Police are men with guns; and the devil loves men with guns. No one can give that demonic call and response better than a man with a gun, or better than a lot of men with a lot of guns.
But the devil never rests. And so, while America was being confronted - as Jesus confronted power with uncomfortable truths - with the words, "Don't shoot," and "I can't breathe," and "Black lives matter," the devil found another man to possess, a man with a gun. Ismaaiyl Brinsley shot his former girlfriend in Baltimore, then went into New York City and murdered Wenjian Liu and Rafael Ramos, two uniformed police officers, making the claim over social media that he was avenging Michael Brown and Eric Garner. Brinsley then killed himself. Who he was avenging when he shot the woman and himself is hard to discern. Until you realize who the true author of these actions was. That was a call.
It received its response.
NYPD members sporting their new t-shirts
This gave both the defenders of the white status quo and the police who have been thrown on the defensive their opportunity to strike back. Wenjian Liu and Rafael Ramos were killed by a disturbed man, one possessed for some time now by the web of conflict in a world of demonic call and response, would have their own horrifying and unjustified deaths transformed by opportunists into an attempt to push aside the responses the devil doesn't want to hear - peaceful voices raised in grief that spoke to power - and replace them with Us v Them. It's the cops versus the protesters now. The devil never rests. He calls until he gets his response; and he got it with the police blaming a mayor for stopping a racist "stop and frisk" practice... any criticism of the police is now the scapegoat for the crimes of 28-year-old Ismaaiyl Brinsley, a young man with a gun who was possessed unto death.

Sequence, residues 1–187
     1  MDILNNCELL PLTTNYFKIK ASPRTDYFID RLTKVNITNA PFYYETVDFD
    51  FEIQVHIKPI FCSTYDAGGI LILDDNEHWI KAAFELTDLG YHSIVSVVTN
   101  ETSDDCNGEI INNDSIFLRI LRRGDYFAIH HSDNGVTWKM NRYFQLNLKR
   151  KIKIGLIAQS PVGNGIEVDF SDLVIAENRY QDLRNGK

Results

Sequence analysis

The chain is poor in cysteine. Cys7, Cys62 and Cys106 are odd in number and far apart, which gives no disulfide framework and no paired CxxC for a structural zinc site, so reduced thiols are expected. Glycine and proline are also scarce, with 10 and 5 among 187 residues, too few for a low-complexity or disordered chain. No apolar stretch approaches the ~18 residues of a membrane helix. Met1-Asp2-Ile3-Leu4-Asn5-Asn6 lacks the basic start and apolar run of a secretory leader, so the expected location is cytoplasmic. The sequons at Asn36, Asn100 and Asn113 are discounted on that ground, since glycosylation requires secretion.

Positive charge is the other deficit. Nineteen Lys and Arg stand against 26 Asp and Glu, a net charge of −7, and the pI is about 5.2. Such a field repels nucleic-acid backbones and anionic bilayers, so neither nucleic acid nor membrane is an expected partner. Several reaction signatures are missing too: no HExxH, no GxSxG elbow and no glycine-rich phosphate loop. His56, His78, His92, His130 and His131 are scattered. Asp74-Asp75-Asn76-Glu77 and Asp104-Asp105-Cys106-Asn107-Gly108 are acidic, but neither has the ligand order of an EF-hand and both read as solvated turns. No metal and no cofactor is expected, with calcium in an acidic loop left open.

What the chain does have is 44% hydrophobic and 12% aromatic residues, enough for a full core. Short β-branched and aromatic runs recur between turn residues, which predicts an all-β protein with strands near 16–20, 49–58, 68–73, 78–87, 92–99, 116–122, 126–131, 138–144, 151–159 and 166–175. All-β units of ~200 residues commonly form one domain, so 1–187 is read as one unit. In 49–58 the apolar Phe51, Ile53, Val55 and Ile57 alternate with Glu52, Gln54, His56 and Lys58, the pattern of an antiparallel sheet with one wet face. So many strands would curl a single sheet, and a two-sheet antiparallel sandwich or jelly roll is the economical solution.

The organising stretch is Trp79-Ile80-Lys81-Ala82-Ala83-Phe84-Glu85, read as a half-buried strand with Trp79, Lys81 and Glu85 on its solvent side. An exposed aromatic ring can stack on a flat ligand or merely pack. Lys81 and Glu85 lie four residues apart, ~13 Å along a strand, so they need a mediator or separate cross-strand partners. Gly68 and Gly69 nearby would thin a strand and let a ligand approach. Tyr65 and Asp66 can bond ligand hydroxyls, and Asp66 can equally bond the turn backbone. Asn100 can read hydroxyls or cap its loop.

Now, another response. People are coming out now, pretending they are somehow edgy or revolutionary, to say they don't care about the two police who were killed, or - worse still - that they got what they deserved. I've been around them. I've almost been one of them. The would-be revolutionaries who fantasize about war in the streets. While Fox News and clannish, defensive cops seize on the Us-Them red herring, the tough-talkers of the verbal-left have given the devil what he wants, too. Another mirror response. Another whack across the net. It's a game. The devil made it. Let's play it.
Did anti-police propaganda from President Obama and other Democrats create a political climate that resulted in the weekend murder of two New York City police officers?
Former New York City Mayor Rudy Giuliani and some other Republicans are making that provocative charge. If nothing else, the allegation seems sure to heighten the national debate about Ferguson, Mo., and stoke relations between the police and minorities to a new level of intensity. (Christian Science Monitor)
Can love interrupt?